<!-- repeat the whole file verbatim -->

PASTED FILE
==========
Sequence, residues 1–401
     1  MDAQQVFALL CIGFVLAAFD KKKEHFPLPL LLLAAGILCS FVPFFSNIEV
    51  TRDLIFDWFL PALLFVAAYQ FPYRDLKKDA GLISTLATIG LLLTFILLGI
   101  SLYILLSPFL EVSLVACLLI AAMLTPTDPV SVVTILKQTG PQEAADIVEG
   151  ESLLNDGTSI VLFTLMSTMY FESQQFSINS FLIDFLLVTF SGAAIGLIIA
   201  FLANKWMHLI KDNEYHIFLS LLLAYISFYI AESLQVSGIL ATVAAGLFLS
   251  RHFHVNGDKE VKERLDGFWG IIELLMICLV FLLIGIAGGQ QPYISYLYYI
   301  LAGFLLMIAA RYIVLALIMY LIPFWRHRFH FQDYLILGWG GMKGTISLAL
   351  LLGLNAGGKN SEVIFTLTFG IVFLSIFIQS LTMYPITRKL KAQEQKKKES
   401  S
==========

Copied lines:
Sequence, residues 1–401
     1  MDAQQVFALL CIGFVLAAFD KKKEHFPLPL LLLAAGILCS FVPFFSNIEV
    51  TRDLIFDWFL PALLFVAAYQ FPYRDLKKDA GLISTLATIG LLLTFILLGI
   101  SLYILLSPFL EVSLVACLLI AAMLTPTDPV SVVTILKQTG PQEAADIVEG
   151  ESLLNDGTSI VLFTLMSTMY FESQQFSINS FLIDFLLVTF SGAAIGLIIA
   201  FLANKWMHLI KDNEYHIFLS LLLAYISFYI AESLQVSGIL ATVAAGLFLS
   251  RHFHVNGDKE VKERLDGFWG IIELLMICLV FLLIGIAGGQ QPYISYLYYI
   301  LAGFLLMIAA RYIVLALIMY LIPFWRHRFH FQDYLILGWG GMKGTISLAL
   351  LLGLNAGGKN SEVIFTLTFG IVFLSIFIQS LTMYPITRKL KAQEQKKKES
   401  S